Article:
In many respects, watching the processing of Deputy Chief Justice Mwilu by the Directorate of Criminal investigation and her eventual arraignment before a magistrate on corruption charges was a sad day for Kenya.
Without doubt, many, especially in the Jubilee fraternity, gleefully celebrated her misfortune. As for NASA, this was a moment to express hypocritical indignation. It was a sad day because until this moment, we have appeared to be united in the determination to slay the corruption dragon; absent of our normal ethnic and political goggles.
It is clear however that our commitment to slaying this dragon is only skin deep. The retreat to our instinctive political camps is alive and well. For the avoidance of doubt, I must at the outset say I have several concerns about DCJ Mwilu’s prosecution.
My concerns are not that a judge cannot be prosecuted without going through the Judicial Service Commission (JSC); that is a fallacy.
If the Chief Justice shot a Kenyan on Uhuru Highway, he would not be taken to the JSC. He would be instantly charged with murder, and this has happened before.
Only the President has immunity for any acts while he is in office, and even here there are exceptions.
My concerns are at four levels. One is the politicisation of the matter by NASA which has taken the overt position that this is a politically instigated prosecution. What NASA does not seem to appreciate is that the very accusation they make against Jubilee of politicising the war on corruption, is the same one they immediately apply, by politicising Judge Mwilu’s prosecution.
Many public figures who expect prosecution will undoubtedly celebrate this theme. It will be very useful when their day comes.
My second concern arises out of the charges preferred against the DCJ. In my opinion, the profile of the office of a DCJ demands that any charges preferred against such a party must be of such magnitude as not to invite conjecture as to the motives for prosecution.
This is even more critical when one considers the post-election nullification comments on the Judiciary by many in the Executive.
I must say I am not impressed by the magnitude of the charges. Granted, any breach of the law can invite legal censure, but even the DPP has spoken of the need for strategic prosecution.
Prosecuting the DCJ on routine charges in our circumstances does not appear to fit in a strong, sustainable anti-corruption strategy.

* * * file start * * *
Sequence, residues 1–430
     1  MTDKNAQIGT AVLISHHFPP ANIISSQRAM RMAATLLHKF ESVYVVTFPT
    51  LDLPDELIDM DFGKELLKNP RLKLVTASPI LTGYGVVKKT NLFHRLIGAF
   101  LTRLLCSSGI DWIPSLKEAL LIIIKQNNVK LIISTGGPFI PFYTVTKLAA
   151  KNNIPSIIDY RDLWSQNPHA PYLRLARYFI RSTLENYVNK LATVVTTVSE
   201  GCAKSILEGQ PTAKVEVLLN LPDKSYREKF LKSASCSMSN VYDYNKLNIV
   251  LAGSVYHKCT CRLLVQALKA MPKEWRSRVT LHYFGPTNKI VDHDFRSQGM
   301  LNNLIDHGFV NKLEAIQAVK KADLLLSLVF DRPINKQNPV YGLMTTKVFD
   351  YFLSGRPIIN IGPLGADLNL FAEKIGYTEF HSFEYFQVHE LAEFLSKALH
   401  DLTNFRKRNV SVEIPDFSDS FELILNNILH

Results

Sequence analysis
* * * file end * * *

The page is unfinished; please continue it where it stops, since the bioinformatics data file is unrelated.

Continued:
Thirdly, the prosecution of the DCJ is a bad taint on our young democracy. If, as many in NASA believe, the prosecution is a “revisit” it would greatly imperil our popular war against graft and confirm that it is largely a populist and politically partisan fight.
Public support would then inevitably wane. If on the other hand her prosecution is meritorious and informed purely by the need to punish all accused whatever their station, it would be laudable for our anti-corruption institutions but would leave a debilitating blemish on our Judiciary.
If our second highest judicial officer can engage in the conduct complained of, what hope is there for Kenya? Whichever side you sit in our vibrant political divide, there is really little to celebrate; it is simply a huge indictment on either Kenya’s prosecutorial arm or the Judiciary.
Finally, I consider it unfortunate for the DCJ to seek the stoppage of her prosecution through the courts. If indeed the charges against her are frivolous, the best course of action would be to take a leave of absence and insist on a speedy trial.
This would vindicate her and leave her even stronger. It now appears that she is using the benefit of her office to stop the prosecution. In the immediate term, it may be a win but in the long term it diminishes her.
More importantly it says to a skeptical Kenyan public that there are sacred cows who will use existing institutions to stymie the anti-corruption war.
These are hopeful times for Kenya on the anti-corruption war. One hopes DCJ Mwilu’s prosecution does not become an unnecessary distraction.